BMA says NHS hospital reform plans too risky
Patient care in England faces serious risks if the government pushes through planned hospital reforms, the British Medical Association (BMA) has warned.
The government wants all NHS hospital trusts to have achieved foundation trust status, which offers them greater independence, by 2014.
But the BMA has branded the timetable "foolish" and warned it will cause unavoidable and unacceptable risks.
Health Secretary Andrew Lansley insisted patient care will not suffer.
Dr Mark Porter, chairman of the BMA consultants' committee, said: "The push to foundation trust status for all is something that carries with it the unavoidable risk that the leadership of an NHS organisation will be focused on that above all.
"And that risk for patients I think goes too far."
In an interview for BBC Radio 4's File on 4, he added: "I feel really quite strongly that these artificial constraints imposed on the structure of NHS organisations are both wrong and detract from the primary mission which is the delivery of safe and effective health care to the local population."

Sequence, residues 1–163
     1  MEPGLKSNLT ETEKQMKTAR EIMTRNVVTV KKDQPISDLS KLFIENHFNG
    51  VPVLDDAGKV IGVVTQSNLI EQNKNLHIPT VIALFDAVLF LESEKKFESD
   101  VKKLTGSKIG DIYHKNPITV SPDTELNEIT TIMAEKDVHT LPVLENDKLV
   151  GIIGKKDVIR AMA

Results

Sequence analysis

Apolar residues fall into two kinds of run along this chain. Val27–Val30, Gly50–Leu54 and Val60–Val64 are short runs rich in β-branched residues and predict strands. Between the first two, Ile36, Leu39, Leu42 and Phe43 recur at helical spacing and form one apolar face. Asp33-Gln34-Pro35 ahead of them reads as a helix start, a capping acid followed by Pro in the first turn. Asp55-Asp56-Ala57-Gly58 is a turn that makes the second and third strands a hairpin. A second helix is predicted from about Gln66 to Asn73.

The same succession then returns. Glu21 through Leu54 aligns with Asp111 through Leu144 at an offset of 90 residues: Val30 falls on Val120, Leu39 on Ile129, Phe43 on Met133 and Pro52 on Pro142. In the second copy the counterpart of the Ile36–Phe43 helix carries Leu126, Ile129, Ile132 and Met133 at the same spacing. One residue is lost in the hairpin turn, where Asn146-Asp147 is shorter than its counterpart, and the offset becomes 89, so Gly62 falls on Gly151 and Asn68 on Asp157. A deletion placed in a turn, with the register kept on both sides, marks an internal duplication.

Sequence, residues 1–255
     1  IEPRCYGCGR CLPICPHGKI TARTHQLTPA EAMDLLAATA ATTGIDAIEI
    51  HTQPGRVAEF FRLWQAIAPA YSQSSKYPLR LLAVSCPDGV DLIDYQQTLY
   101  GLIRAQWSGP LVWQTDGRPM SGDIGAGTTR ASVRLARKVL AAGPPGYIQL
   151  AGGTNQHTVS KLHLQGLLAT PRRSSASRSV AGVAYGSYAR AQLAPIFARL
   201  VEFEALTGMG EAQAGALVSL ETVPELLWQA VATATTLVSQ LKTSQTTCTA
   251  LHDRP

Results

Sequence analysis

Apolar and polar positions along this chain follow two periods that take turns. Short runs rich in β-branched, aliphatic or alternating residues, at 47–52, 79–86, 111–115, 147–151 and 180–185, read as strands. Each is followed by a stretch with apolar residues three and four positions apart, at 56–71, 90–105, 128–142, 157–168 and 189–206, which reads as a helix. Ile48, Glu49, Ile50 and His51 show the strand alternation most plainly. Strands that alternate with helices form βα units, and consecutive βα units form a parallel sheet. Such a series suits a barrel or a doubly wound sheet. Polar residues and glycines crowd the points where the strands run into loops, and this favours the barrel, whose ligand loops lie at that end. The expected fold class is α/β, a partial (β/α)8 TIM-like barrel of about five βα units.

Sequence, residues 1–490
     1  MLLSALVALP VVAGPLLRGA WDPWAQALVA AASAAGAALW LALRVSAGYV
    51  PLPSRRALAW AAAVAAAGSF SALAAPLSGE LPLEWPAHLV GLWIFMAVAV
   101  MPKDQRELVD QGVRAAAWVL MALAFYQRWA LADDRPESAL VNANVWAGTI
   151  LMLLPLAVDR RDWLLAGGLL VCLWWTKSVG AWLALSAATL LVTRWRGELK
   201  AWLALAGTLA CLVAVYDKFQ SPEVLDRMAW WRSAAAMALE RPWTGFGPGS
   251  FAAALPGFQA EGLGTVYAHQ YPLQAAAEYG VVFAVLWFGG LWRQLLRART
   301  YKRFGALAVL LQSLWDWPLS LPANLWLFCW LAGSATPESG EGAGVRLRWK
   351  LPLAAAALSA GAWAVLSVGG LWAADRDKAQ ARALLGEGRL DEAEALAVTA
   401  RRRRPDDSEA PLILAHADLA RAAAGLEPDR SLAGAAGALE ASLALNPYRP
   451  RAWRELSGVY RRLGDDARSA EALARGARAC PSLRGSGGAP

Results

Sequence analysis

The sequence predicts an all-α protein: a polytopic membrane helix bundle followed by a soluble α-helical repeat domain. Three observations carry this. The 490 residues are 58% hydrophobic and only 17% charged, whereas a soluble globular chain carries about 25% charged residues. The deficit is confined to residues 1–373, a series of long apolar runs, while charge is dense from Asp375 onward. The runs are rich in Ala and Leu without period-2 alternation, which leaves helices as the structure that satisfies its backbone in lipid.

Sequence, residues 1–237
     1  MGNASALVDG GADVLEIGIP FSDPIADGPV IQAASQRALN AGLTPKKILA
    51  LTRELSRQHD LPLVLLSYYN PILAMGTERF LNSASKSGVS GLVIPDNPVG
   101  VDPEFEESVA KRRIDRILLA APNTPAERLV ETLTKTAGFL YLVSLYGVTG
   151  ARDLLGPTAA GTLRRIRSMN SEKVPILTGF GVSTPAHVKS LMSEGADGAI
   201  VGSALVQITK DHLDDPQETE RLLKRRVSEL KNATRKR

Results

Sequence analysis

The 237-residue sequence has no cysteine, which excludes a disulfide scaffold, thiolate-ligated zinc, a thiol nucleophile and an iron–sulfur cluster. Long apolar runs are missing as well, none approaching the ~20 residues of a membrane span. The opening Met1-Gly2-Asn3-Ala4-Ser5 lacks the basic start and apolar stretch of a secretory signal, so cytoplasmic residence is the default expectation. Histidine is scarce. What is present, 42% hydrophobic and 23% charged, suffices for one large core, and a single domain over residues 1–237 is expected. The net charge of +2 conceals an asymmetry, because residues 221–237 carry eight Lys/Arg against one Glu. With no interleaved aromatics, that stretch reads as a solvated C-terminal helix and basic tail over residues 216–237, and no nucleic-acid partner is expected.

Dr Porter's concerns have been echoed by Roy Lilley, a former NHS trust chairman, who called the coalition government policy "barmy" and "dangerous".
The foundation trust model was first introduced in England seven years ago. Scotland, Wales and Northern Ireland do not have the same system.
The aim was to give hospital managers, who were able to satisfy certain requirements, more financial autonomy and independence.
But a number of trusts which have already achieved foundation status are struggling with massive debts, management issues or failing patient care.
According to the health watchdog, the Care Quality Commission, of the 22 trusts where problems with care have been highlighted, 12 are foundation trusts.
And Monitor, the body in charge of assessing whether NHS trusts comply with the requirements of foundation trust status, said it had highlighted issues of concern with 17 trusts.
Health secretary Andrew Lansley hit back at the BMA, saying he did not believe patient care would suffer.
"Why is there a risk to patients? I simply do not accept that at all," he said.
Commenting on Care Quality Commission figures he added: "The Care Quality Commission is applying essential standards of quality and safety as part of their registration process and they apply exactly the same standards to NHS trusts as they do to foundation trusts.
"I believe in foundation status but I don't believe the purpose is as a badge of clinical quality.
"It's about them having freedoms, the corporate governance and financial strength to be able to improve their services in the longer term because of their financial and corporate strengths."
He has given NHS trust bosses until the end of next month to explain how they are going to achieve foundation status within the time scale.